Informal education is a key factor in making sure Jewish students feel welcome and accepted in mainstream schools. The UJIA's Jewish Activities in Mainstream Schools (JAMS) initiative provides content for Jewish children from non-Jewish schools, helping them to stay connected to their Jewish identity. The UJIA Department of Informal Education works across the community to support Hadracha and Israel's education in schools, youth movements, and with students and young adults. Reform Judaism is committed to being an inclusive and supportive community and to promoting mental well-being for all.
To this end, they offer an educational program of interactive workshops, seminars and other learning opportunities to raise awareness and understanding of mental illnesses and disorders, as well as specifically developed training courses. Synagogues, youth groups, or any Jewish community can also benefit from their outreach sessions. Organized in collaboration with the UJS, UR UNI LIFE helps students reflect on their options after school, including what life could be like on campus and what it means to be Jewish at university. In schools, the UJIA works in both Jewish and regular schools and directs, manages and financially supports a series of programs that incorporate informal education on Jewish identity, Israel and Hadracha into the normal school day. The UJIA provides education about Israel in Jewish secondary schools to students in the ninth grade and up, in order to involve them in the population, history, culture, society and politics of the country. Last year's event was attended by 500 students from seven Jewish high schools in London and Essex.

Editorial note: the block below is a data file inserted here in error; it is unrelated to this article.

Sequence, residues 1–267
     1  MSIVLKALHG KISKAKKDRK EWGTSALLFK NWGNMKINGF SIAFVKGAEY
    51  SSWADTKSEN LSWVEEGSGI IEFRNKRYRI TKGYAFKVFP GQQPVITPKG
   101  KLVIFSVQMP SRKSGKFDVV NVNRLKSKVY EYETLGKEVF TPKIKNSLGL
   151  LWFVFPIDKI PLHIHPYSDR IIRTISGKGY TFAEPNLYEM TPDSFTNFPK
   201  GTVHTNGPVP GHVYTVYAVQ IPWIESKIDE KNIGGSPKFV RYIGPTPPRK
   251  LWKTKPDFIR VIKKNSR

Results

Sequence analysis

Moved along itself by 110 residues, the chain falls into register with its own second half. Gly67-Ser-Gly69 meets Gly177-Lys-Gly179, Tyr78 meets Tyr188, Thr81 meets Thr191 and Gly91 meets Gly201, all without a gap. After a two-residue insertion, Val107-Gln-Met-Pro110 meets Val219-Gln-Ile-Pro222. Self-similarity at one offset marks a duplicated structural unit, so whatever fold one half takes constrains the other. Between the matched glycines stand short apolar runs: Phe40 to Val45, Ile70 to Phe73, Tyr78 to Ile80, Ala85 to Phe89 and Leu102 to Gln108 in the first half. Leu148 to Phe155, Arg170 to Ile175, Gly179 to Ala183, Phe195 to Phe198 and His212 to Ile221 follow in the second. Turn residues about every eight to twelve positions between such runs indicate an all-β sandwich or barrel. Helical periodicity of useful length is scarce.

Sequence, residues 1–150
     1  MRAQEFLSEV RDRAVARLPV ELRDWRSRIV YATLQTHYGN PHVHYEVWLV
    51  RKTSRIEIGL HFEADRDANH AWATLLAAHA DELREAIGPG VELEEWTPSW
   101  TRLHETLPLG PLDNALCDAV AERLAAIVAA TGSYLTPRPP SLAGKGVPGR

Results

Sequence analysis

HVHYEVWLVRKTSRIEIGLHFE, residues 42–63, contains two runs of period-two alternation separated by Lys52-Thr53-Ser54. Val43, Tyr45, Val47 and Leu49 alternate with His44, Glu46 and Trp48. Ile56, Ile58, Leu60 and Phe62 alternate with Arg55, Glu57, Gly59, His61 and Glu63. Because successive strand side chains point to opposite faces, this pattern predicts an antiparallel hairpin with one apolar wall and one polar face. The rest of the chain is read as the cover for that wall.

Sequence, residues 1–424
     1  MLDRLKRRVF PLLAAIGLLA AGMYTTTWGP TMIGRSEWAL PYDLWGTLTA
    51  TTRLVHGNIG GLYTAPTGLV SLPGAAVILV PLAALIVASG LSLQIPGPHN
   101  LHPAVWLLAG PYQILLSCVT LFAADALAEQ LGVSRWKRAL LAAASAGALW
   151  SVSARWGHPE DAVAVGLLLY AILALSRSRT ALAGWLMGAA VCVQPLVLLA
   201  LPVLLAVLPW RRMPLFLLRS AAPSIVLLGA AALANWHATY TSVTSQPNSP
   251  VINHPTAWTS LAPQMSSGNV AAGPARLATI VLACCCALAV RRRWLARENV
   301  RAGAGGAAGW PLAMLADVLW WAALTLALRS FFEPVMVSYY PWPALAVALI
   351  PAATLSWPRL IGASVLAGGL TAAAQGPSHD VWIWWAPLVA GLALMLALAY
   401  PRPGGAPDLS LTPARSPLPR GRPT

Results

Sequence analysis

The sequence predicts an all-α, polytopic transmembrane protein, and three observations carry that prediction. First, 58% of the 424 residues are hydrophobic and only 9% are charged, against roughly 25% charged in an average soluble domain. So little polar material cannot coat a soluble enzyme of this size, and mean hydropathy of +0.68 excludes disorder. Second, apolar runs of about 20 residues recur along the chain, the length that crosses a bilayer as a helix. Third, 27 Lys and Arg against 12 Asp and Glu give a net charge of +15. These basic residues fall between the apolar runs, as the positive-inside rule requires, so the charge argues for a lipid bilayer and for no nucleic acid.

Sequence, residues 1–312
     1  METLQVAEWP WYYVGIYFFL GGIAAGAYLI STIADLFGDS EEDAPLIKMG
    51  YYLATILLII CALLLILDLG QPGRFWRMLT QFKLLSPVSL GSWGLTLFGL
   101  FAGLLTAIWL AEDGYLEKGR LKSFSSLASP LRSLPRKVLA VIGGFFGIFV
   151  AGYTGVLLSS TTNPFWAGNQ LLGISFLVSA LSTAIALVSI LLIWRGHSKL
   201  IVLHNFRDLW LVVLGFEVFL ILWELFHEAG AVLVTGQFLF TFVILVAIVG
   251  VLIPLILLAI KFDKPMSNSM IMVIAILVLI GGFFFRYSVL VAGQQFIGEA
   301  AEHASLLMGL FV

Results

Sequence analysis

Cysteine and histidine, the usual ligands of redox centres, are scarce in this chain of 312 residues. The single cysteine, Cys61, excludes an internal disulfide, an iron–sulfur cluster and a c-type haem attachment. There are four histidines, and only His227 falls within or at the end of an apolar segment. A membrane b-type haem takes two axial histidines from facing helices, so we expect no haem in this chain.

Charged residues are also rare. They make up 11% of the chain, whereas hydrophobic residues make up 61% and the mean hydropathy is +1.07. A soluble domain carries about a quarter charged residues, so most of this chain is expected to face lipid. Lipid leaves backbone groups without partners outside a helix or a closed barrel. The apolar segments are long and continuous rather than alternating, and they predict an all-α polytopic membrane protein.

Each community can choose how they want to use this opportunity to raise awareness and educate about mental health and promote well-being within their community. The UJIA is taking a number of initiatives to promote education within the Jewish community of London. From providing content for Jewish children from non-Jewish schools to organizing events for high school students, they are committed to helping young people stay connected to their Jewish identity while also learning about mental health and well-being. Through their outreach sessions, they are also able to reach out to synagogues, youth groups, or any Jewish community, providing them with an opportunity to learn more about mental health issues. The UJIA is dedicated to providing educational opportunities for young people in London's Jewish community.
From interactive workshops and seminars on mental health issues to providing content for Jewish children from non-Jewish schools, they are committed to helping young people stay connected to their Jewish identity while also learning about mental health and well-being.